The Postville Review from Postville, Iowa on December 5, 1891 · Page 1
Get access to this page with a Free Trial
Click to view larger version

The Postville Review from Postville, Iowa · Page 1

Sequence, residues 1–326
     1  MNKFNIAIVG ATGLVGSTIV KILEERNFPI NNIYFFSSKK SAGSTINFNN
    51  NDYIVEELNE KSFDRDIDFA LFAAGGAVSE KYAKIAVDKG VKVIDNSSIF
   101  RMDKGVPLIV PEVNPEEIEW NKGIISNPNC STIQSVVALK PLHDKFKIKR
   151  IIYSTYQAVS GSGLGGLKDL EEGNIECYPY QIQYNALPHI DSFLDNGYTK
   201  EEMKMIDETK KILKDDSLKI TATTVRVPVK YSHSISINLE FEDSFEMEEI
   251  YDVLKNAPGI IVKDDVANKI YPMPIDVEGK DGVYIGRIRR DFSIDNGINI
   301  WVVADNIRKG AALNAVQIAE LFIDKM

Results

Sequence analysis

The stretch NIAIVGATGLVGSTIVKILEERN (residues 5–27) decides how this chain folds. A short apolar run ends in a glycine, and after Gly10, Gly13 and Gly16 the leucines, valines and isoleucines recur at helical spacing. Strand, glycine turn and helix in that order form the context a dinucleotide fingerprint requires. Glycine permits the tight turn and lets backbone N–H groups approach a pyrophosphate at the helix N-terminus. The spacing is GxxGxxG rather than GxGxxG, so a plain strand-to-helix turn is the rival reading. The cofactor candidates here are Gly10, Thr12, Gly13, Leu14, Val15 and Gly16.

Postville, Iowa
Issue Date:
Saturday, December 5, 1891
Page 1
Start Free Trial

Page 1 article text (OCR)